Just Tell Me That You Want Me is a bit of a wild card on the scene today. It’s a tribute album to Fleetwood Mac, undoubtedly one of the greatest bands of all time, put out by Concord Music Group, who specializes in jazz and reissues of classic rock and pop records (none of which are Fleetwood Mac records). Concord has very little connection to any of the artists chosen to cover these phenomenal songs. Plus, the group of bands chosen is very eclectic, and only a handful of these have any connection with each other. At any rate, a good tribute album is hard to do, especially when the band you are dealing with is so well-loved. But maybe – just maybe – all of these factors put together make Just Tell Me That You Want Me a decent tribute album. Sure, it’s a bit discontinuous at times, but for the most part, the album is full of surprises, and some of these cuts are pretty flippin sweet.
As is typical of tribute albums, there are two approaches to the tracks found here. The first is where a band takes the song and translates it to their own style and vibe. The second is where the band pushes themselves out of their usual style into territory tread by the original song. With Just Tell Me That You Want Me, the cuts from the former category definitely win out. California surf pop group Gardens & Villa do a marvelous job adapting classic Mirage track “Gypsy” to their aesthetic. Chris Lynch mans the original piano melody on his flute while Adam Rasmussen punches out a gorgeous synth chord progression. While the tribute is as respectful as can be, it could easily fit in on their excellent self-titled record if given the chance.
The Kills do similar things with their take on Rumors highlight “Dreams”. In its original form, “Dreams” is the hook to end all hooks with building harmonies and instrumental textures. It’s entirely deceptive to the seriously pissed-off lyrics of Stevie Nicks. In the Kills take, Alison Mosshart plays heavier on the heartbreak. The guitar textures are sparse, and there is virtually no vocal harmony until the very end. Rather, as the energy builds, animalistic drums clang here and there while Alison howls away. It’s “Dreams” with an anxiety attack, like Mosshart is trying to convey her own response to Nicks’ situation. It’s gorgeous and haunting and is everything a tribute is meant to be.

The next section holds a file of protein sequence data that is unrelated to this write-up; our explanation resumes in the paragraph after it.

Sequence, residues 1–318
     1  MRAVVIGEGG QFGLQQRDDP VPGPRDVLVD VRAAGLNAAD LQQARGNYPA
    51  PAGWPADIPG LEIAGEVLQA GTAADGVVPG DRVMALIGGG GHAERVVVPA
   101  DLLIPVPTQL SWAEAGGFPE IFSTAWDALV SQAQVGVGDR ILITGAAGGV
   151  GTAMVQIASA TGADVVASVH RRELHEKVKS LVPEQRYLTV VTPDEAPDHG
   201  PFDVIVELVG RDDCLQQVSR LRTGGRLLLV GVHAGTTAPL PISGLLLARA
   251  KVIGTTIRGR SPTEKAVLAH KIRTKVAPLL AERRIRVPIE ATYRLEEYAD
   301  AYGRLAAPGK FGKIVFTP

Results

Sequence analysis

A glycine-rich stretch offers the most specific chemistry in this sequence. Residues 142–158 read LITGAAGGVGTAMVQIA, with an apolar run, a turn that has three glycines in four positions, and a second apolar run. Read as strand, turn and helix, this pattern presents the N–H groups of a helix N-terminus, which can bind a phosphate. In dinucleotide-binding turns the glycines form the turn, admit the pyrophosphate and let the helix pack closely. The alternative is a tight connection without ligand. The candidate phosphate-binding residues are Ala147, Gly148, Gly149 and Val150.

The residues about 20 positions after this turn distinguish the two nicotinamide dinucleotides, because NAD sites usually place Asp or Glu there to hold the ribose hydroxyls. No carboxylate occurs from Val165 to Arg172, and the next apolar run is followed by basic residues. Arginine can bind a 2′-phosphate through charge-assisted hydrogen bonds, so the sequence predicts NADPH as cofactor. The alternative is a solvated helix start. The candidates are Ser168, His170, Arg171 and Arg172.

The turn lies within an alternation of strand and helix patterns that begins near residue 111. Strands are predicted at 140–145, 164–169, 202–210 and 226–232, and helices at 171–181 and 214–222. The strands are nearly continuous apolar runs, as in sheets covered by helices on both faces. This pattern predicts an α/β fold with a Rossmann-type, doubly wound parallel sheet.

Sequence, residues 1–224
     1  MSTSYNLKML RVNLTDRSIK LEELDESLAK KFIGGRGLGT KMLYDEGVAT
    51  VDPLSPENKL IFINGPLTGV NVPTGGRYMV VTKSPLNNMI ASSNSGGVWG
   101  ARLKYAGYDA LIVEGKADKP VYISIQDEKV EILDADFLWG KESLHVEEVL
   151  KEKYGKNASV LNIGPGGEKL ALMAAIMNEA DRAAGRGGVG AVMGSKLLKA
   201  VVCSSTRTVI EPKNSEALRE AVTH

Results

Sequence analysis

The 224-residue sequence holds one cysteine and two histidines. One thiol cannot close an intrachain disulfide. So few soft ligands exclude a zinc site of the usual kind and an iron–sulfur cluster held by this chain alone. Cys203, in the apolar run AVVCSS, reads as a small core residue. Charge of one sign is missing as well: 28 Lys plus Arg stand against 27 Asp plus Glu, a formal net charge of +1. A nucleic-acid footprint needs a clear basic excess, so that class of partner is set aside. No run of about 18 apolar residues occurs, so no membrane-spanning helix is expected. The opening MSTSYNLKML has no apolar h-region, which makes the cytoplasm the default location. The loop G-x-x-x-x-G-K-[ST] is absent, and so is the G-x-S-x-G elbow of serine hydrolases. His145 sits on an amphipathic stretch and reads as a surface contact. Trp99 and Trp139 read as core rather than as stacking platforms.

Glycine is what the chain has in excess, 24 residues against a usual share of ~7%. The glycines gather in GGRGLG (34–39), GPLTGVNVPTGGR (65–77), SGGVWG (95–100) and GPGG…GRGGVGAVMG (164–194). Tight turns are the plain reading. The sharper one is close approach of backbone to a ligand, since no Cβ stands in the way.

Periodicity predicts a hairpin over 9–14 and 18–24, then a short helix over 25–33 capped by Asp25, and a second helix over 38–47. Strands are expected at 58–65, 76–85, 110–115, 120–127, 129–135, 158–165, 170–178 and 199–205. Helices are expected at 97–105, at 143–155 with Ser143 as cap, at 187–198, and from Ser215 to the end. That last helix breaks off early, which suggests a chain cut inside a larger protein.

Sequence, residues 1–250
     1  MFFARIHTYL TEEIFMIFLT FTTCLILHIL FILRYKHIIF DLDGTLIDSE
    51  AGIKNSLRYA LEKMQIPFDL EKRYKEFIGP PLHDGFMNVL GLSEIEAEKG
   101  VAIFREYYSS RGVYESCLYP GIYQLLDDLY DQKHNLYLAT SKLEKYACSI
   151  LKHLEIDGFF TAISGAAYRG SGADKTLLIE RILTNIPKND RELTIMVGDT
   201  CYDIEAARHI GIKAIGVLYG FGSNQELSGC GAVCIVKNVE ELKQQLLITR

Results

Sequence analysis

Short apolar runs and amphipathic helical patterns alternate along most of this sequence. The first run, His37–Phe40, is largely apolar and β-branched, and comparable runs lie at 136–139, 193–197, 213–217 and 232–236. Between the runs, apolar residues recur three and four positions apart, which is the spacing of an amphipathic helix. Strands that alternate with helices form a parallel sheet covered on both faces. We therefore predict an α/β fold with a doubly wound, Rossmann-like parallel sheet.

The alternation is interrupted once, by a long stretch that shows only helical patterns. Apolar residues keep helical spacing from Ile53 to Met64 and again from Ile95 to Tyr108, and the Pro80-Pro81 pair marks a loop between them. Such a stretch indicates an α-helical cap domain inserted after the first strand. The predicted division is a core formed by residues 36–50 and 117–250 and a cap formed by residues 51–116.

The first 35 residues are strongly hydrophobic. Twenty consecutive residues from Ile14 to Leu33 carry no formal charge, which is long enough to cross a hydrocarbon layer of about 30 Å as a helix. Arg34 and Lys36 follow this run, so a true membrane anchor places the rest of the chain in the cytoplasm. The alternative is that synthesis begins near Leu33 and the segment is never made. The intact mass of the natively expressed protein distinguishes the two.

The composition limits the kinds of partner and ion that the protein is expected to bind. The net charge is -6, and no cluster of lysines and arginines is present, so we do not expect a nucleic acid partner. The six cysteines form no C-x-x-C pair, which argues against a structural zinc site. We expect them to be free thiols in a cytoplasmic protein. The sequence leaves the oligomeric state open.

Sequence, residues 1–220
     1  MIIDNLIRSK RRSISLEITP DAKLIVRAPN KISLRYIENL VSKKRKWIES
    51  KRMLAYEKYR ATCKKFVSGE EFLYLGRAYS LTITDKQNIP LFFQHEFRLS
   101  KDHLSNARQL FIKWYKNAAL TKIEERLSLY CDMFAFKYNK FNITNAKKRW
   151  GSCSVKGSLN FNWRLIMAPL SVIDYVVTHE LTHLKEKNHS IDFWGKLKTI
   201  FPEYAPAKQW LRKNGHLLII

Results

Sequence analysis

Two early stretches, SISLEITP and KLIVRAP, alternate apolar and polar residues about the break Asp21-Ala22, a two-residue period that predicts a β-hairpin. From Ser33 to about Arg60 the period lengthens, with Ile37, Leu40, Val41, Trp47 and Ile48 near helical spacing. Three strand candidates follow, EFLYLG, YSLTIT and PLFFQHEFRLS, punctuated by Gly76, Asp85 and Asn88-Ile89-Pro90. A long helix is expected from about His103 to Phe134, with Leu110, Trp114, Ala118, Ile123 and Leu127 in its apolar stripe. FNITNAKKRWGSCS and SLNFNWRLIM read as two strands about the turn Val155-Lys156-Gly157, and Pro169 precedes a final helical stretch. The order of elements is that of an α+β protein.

Some of these covers come completely out of left field. MGMT’s take on the psychedelic trip of “Future Games” is noisier and even more obscure than the original. Andrew VanWyngarden throws all his vocals through a spacey filter so you can hardly understand him. After about the halfway mark, the track spirals into experimental territory until the original is all but gone. But then again, this isn’t completely disrespectful of the song – after all, it was intended to be pretty disorienting. MGMT just took it to another level. In a similar way, Craig Wedren and St. Vincent take Tusk track “Sisters of the Moon” in a staticky rock-infused direction. While the result may not please some fans of the classic, it’s certainly a fresh take.
Other fun tracks include the beautiful “Silver Springs” tribute by Lykke Li and the pop magic of Best Coast on “Rhiannon”. Finally, Karen Elson’s take on “Gold Dust Woman” is surprisingly cool. She equips a Beck-esque sound, mixing steel guitar and electronic drums to breathe odd new life into the Rumors cut. If you’d like to sample more of the record, visit the Concord Music Group Soundcloud page here. Just Tell Me That You Want Me is available now on CD and digitally.